See also: LIBRE and libré

EnglishEdit

EtymologyEdit

Sense 1 (“especially of the will: free, independent”) is borrowed from French libre (at liberty, free; clear, free, vacant; free, without obligation), from Latin līber (free, unrestricted),[1] ultimately from Proto-Indo-European *h₁lewdʰ- (people).

Senses 2 (“(software) with very few limitations on distribution or improvement”) and 3 ("not enslaved") are either borrowed from the French word or the Spanish libre (free: not enslaved or imprisoned; without obligation; unconstrained by distrust or timidity; not containing, without), from the same Latin etymon as above.

PronunciationEdit

AdjectiveEdit

libre (not comparable)

  1. (obsolete, rare) Especially of the will: free, independent, unconstrained.
  2. (software) With very few limitations on distribution or the right to access the source code to create improved versions, but not necessarily free of charge. [from late 20th c.]
    • 1999 February, Alessandro Rubini, “Software Libre and Commercial Viability”, in Marjorie Richardson, editor, Linux Journal: The Monthly Magazine of the Linux Community, number 58, Seattle, Wash.: Specialized System Consultants, ISSN 1075-3583, OCLC 636760744, page 48, column 1:
      One more point leads toward Free Software in education: when students get jobs, they prefer to use tools they learned at school in order to minimize extra learning efforts. This fact should lead colleges to teach only those tools not owned by anyone—those that are libre.
    • 2005, Philippe Aigrain, “Libre Software Policies at the European Level”, in Joseph Feller, Brian Fitzgerald, Scott A. Hissam, and Karim R. Lakhani, editors, Perspectives on Free and Open Source Software, Cambridge, Mass.; London: MIT Press, →ISBN, pages 454–455:
      The great potential of libre software for development and social inclusion has long been emphasized. The cost aspect of it, though it might act as a driver, is only one limited aspect of the benefits of libre software in developing countries, deprived regions, or urban areas. The empowerment of persons and groups to not only use technology, but understand it, at the level and rhythm that fits them, with the resulting ability to become active contributors and to innovate are the essence of libre software.
    • 2012, Alma Swan, “Section 3. The Importance of Open Access.”, in Policy Guidelines for the Development and Promotion of Open Access (Open Guidelines Series), Paris: United Nations Educational, Scientific and Cultural Organization, →ISBN, section 3.2 (Levels of Open Access), page 25, column 2:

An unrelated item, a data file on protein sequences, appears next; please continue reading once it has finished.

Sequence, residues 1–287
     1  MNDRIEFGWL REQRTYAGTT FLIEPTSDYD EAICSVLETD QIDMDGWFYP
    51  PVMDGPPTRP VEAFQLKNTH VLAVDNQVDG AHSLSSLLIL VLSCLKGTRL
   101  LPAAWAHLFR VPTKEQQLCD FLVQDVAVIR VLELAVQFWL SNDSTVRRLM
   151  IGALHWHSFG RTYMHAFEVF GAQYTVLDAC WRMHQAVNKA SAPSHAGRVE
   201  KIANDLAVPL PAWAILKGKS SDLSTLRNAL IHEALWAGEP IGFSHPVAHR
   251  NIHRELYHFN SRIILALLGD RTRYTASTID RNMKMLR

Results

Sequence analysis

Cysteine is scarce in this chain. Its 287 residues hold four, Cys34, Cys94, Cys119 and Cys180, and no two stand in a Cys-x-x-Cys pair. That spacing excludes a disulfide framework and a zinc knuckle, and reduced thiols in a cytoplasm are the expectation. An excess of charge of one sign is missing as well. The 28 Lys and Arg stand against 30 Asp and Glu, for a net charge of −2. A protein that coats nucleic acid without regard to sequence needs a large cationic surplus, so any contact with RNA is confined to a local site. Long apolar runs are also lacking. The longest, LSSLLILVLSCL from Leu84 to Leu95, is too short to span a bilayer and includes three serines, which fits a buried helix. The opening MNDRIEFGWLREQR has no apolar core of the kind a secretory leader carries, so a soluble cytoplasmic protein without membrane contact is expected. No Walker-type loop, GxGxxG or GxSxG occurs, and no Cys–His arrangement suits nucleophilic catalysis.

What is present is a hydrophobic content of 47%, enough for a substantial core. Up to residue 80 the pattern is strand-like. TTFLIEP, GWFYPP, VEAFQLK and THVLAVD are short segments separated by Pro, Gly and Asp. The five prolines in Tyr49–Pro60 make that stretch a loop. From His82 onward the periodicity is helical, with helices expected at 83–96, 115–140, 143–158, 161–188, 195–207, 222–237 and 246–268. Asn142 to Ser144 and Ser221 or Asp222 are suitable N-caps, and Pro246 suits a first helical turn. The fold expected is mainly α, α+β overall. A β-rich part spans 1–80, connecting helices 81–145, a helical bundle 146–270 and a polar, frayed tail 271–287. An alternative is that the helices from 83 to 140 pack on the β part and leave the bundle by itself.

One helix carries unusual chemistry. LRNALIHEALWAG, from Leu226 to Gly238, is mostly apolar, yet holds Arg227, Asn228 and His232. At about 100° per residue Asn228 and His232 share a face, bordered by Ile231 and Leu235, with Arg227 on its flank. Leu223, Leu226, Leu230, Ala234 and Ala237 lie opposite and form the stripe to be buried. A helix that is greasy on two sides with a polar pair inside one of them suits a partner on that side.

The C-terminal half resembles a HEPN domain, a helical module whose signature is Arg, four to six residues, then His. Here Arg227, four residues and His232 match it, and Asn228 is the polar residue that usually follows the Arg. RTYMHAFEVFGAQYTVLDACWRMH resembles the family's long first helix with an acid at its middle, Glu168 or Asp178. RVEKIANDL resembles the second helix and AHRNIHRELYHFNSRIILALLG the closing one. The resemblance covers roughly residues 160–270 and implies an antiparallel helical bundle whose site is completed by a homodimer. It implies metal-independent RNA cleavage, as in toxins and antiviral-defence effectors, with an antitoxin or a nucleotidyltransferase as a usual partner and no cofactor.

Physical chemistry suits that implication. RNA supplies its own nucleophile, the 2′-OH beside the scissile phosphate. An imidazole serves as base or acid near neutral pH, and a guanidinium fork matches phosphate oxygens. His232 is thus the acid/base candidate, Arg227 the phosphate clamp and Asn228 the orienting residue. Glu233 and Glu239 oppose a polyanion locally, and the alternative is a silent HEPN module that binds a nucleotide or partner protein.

The formal definition of Open Access, however, does require re-use rights to enable the article to be re-used in various ways (text-mined, translated into other languages, used in part in other products, etc.), [...]. This is what is known as ‘libre’ Open Access. ‘Libre’ Open Access does not yet constitute the bulk of Open Access literature. In institutional repositories the majority of articles are of the ‘gratis’ type, though a small proportion carry an appropriate (usually Creative Commons) licence and are ‘libre’.
    • 2014, Joshua M. Pearce, “Introduction to Open-source Hardware for Science”, in Open-source Lab: How to Build Your Own Hardware and Reduce Research Costs, Waltham, Mass.; Kidlington, Oxfordshire: Elsevier, →ISBN, section 1.2 (What is Open Source?), pages 1–2:
      Free and open-source software (F/OSS, FOSS) or free/libre/open-source software (FLOSS) is a software that is both a free software and an open source. FOSS is a computer software that is available in source code (open source) form and that can be used, studied, copied, modified, and redistributed without restriction, or with restrictions that only ensure that further recipients have the same rights under which it was obtained (free or libre). Free software, software libre, or libre software is software that can be used, studied, and modified without restriction, and which can be copied and redistributed in modified or unmodified form either without restriction or with restrictions that only ensure that further recipients have the same rights under which it was obtained and that manufacturers of consumer products incorporating free software provide that software as source code.
  3. (historical) Not enslaved (of a black person in a French- or Spanish-colonized area, especially New Orleans).

Usage notesEdit